Creating quality by sharpening our skills
Following is a story a friend sent me. Once upon a time a very strong woodcutter asked for a job in a timber merchant, and he got it.
His salary was really good and so were the working conditions. For that reason, the woodcutter was determined to do his best.His boss gave him an ax and showed him the area where he was supposed to fell the trees.
The first day, the woodcutter brought fifteen (15) trees.
“Congratulations,” the boss said, “Carry on with your work!
“Highly motivated by the words of his boss, the woodcutter tried harder the next day, but he only could bring ten (10) trees. The third day he tried even harder, but he was only able to bring seven (7) trees. Day after day he was bringing less and less trees.
“I must be losing my strength.” The woodcutter thought. He went to the boss and apologized, saying that he could not understand what was going on.“When was the last time you sharpened your ax?” the boss asked.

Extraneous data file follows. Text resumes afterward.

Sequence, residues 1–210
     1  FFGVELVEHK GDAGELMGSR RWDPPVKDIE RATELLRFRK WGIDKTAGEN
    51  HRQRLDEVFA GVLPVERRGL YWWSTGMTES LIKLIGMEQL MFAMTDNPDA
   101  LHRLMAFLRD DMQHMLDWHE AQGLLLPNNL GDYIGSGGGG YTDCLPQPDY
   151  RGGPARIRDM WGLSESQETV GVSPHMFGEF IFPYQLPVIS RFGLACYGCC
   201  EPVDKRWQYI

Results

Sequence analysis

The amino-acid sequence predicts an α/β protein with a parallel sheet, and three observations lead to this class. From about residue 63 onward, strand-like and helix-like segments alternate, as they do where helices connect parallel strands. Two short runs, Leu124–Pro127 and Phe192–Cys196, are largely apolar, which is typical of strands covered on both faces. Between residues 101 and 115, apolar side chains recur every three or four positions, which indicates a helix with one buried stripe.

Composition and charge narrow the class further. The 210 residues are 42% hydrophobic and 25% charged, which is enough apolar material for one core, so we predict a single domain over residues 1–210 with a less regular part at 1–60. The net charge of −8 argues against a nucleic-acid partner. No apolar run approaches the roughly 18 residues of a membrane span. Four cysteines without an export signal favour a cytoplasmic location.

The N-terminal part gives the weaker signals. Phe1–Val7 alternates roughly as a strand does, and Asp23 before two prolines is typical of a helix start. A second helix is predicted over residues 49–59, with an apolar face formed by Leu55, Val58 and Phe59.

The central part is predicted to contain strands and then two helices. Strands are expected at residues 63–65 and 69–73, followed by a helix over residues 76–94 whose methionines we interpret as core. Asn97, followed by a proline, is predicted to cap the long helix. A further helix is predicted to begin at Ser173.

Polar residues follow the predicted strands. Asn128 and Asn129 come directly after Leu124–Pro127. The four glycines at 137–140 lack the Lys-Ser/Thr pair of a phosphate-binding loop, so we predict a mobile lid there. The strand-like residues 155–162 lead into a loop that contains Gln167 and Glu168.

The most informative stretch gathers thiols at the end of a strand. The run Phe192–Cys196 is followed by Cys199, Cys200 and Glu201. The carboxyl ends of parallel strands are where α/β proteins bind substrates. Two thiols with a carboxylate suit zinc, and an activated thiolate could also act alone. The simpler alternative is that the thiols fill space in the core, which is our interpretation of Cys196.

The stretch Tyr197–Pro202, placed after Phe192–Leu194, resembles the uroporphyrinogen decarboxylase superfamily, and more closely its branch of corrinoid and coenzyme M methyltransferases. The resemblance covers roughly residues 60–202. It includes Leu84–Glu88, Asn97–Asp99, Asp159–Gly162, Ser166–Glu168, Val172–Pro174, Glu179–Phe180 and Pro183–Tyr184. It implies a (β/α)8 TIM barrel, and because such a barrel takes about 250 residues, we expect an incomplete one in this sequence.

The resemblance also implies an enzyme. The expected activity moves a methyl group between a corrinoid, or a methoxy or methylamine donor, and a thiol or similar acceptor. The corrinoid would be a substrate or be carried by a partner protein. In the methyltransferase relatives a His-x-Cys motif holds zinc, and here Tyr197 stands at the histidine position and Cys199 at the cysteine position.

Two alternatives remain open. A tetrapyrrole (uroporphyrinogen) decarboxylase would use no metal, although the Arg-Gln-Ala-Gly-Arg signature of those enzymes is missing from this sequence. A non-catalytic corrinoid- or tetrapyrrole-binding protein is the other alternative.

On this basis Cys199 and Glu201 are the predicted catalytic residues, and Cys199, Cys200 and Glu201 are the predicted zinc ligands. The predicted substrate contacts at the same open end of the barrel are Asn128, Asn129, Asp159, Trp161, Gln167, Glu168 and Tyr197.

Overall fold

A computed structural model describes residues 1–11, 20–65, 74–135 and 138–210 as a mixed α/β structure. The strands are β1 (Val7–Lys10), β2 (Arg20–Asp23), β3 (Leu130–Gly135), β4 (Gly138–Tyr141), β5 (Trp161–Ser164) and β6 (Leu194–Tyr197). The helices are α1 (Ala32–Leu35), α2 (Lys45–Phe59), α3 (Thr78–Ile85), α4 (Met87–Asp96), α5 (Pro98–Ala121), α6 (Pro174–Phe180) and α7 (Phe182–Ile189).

“Sharpen? I had no time to sharpen my ax. I have been very busy trying to cut trees…
“Moral: Most of us never update our skills. We think that whatever we have learned is good enough. But good is not good when better is expected. Sharpening our skills from time to time is the key to success.
Let’s look at how we can use this to not only sharpen our skills, but help sharpen the skills of our employees. Often we are too busy or we think we are too busy to stop long enough to learn how to use a new tool or acquire a new skill. Although we often associate sharpening our skills or tools with the production area of our businesses, it can apply to any area of the business. And often it is the unsharpened tools we use in marketing, sales or collections that keep us from being as profitable as we can be.